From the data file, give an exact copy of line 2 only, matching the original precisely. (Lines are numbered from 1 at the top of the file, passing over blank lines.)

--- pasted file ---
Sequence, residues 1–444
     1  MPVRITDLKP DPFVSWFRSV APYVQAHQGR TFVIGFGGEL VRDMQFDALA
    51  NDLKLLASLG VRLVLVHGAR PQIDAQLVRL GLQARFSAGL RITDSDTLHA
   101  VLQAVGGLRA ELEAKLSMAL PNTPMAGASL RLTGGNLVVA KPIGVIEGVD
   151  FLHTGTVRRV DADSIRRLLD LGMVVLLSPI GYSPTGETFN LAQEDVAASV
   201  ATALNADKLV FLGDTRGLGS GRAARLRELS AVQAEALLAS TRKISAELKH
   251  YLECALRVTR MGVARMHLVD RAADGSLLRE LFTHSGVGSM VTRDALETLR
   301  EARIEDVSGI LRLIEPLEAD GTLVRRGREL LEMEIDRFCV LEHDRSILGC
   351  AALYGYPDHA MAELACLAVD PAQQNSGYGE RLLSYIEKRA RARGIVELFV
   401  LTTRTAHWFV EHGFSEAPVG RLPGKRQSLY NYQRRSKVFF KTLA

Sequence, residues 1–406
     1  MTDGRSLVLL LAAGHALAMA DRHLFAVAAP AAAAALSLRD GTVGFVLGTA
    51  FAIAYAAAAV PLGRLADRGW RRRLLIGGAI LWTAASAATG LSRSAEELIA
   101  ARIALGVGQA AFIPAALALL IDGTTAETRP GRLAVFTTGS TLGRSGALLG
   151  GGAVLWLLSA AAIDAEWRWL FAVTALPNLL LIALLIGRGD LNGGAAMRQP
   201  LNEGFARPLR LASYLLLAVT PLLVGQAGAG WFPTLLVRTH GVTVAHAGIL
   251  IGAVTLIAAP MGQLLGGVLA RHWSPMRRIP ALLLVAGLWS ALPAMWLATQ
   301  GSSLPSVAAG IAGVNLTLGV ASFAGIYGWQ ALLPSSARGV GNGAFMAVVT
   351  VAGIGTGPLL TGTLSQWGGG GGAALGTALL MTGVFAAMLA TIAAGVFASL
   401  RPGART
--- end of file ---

     1  MPVRITDLKP DPFVSWFRSV APYVQAHQGR TFVIGFGGEL VRDMQFDALA